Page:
Academic journal article Education

Imperatives and Dissonances in Cyberspace Curriculum: An Australian Perspective

Academic journal article Education

Imperatives and Dissonances in Cyberspace Curriculum: An Australian Perspective

Article excerpt

Introduction

As teachers make increasing use of computers, what may have been seen as speculative science fiction is now reality. Relentless societal pressure provides an imperative for schools to adopt innovatory computer technology, particularly in areas such as the Internet and the use of hypertext. Recent research on computer use at home and at school, has identified trends in the evolution of a within and across school cyberspace approach to class-room-level curriculum development.

However, a human tendency to minimize the effects of unsettling innovations finds its expression in teachers' attempts to minimize the dissonance arising from the introduction of computer technologies. Consequently, while there are strong pressures from outside the school for a cyberspatial approach, there are also concerns that resistance by teachers and administrators may retard its introduction.

What is a cyberspace curriculum?

The term "cyberspace" owes its origins to science fiction author William Gibson, whose protagonists in novels such as Neuromancer (1984), Mona Lisa Overdrive (1988) and Virtual Light (1993) interacted with a futuristic global network of information resources. We define cyberspace curriculum as an approach to teaching and learning which involves all those planned and unplanned learning activities and outcomes which result from the integrated use of computers in school for the purposes of communication, interaction, information retrieval, and knowledge construction. When used in this sense, the notion of cyberspace curriculum is related to the regular use of computers by teachers and students for educational purposes which were once confined to print-based texts, or which previously did not exist. Examples of this concept include the use of world wide web browsers, electronic mail, CD-ROMS, hypertext and multimedia. Interestingly, some of the discussions on the nature of cyberspace themselves exist only as a stream of electrons or as files on remote computers.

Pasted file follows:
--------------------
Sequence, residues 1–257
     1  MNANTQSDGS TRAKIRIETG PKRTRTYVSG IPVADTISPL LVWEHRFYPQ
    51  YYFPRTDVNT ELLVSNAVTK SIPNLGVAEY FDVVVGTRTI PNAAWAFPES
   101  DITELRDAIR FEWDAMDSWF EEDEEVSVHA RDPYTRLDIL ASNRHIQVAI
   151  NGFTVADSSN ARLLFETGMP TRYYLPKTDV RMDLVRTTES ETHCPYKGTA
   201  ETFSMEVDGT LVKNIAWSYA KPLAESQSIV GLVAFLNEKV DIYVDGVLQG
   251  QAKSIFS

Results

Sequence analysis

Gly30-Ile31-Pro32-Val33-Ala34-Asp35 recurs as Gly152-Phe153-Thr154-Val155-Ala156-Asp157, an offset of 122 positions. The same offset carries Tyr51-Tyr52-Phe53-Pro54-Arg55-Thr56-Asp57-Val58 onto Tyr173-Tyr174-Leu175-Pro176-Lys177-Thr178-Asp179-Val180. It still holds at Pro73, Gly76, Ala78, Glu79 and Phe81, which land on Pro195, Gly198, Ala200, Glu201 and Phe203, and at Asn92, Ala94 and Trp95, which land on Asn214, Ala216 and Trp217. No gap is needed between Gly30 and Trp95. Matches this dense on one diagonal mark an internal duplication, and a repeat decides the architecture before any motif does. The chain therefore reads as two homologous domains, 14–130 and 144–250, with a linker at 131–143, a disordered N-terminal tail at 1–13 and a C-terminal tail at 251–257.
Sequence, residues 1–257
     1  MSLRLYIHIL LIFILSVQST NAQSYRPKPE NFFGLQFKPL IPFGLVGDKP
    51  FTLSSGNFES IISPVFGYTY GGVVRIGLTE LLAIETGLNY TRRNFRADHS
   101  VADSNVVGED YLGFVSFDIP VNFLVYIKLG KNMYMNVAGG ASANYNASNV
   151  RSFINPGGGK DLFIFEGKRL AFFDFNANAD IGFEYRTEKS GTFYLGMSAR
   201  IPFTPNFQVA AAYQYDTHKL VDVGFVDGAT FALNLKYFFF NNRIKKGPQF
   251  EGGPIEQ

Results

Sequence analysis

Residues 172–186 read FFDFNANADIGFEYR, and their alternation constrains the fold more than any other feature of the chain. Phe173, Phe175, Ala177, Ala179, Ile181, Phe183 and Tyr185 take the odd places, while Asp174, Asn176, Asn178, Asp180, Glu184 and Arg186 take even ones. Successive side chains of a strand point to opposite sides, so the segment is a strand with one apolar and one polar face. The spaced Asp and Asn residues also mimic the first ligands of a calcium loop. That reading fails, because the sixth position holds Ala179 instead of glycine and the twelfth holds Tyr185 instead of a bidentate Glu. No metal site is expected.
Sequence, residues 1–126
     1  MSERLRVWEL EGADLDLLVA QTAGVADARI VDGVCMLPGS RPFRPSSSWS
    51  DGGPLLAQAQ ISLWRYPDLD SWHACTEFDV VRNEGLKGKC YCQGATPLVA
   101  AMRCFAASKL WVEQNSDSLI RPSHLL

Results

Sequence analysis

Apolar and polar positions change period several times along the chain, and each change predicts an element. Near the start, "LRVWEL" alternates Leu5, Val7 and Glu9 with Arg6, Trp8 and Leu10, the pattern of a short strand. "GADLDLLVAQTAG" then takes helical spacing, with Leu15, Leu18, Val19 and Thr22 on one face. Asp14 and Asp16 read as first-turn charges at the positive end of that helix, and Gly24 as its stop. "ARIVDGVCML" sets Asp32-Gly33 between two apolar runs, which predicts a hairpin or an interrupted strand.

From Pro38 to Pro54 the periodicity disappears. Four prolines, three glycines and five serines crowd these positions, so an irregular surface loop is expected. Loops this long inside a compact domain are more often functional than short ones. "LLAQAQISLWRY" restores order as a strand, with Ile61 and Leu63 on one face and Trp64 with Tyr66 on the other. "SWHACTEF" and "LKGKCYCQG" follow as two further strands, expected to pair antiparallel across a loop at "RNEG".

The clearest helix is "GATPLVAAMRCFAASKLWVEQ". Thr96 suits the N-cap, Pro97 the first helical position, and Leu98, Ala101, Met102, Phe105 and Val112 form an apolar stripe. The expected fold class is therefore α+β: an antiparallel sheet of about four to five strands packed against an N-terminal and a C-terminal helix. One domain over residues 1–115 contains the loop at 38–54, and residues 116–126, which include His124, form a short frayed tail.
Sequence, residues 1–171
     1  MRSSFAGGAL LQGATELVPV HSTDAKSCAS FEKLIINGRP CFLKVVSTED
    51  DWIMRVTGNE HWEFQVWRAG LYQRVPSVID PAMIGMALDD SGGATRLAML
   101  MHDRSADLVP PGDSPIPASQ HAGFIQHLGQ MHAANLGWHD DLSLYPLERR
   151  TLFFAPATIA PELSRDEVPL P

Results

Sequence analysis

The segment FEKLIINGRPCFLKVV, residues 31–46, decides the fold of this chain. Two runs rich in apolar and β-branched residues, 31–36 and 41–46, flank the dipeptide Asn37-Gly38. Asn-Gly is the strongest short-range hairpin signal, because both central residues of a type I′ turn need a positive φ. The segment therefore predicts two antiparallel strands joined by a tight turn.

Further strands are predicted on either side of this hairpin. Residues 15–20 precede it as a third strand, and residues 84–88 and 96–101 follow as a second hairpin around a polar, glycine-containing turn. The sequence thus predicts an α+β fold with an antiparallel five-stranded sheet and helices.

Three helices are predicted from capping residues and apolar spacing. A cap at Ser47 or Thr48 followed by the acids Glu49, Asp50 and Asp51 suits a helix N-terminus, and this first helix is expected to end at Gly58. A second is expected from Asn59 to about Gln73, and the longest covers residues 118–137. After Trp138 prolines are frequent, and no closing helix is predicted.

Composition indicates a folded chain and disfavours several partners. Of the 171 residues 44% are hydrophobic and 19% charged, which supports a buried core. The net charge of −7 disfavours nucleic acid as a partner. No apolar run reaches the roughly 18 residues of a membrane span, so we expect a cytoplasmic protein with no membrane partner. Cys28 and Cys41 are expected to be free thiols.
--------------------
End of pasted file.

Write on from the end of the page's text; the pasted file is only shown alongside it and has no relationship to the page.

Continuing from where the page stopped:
For example, Lemke (1993) has defined cyberspace as "the space of interactive computational possibilities - available to the users of any participating computer, anywhere." The original article from which this definition was taken was retrieved from the Internet, and is not widely available in conventional print form. Similarly, links between curriculum and cyberspace are explored on the World Wide Web (HREF 1).

"State of the art" information technology has the capacity to enable schools, TAFE Institutes and Universities to be linked electronically and provides an option for the cooperative development of cyberspace curriculum through innovative teaching and learning approaches. Students are able to use the World Wide Web to locate information on millions of computers around the world and may collaborate with other students and partners in the learning process by sending electronic mail and computer files around the globe. Portable laptop computers can be used effectively both at home and at school, and encyclopedias and databases which once were available only in print form are now accessible on CD-ROM, (or electronically, via the Internet.) Constructive hypertext software and interactive multimedia facilities present the potential to allow teachers to implement exciting and more relevant teaching approaches to a cyberspace curriculum.

Research imperatives: Some perspectives from Australia.

We argue that the use of computers in homes and schools in Australia is continuing to increase, as it is in US and in other developed countries. This provides a perspective from which we can extrapolate trends and predict how computers will be used in the US and other countries in the next few years. A select review of recent published findings on the use of computers in homes reflects the issues facing teachers. Over 23% of all Australian households use a computer regularly, with the percentage expected to increased dramatically. …

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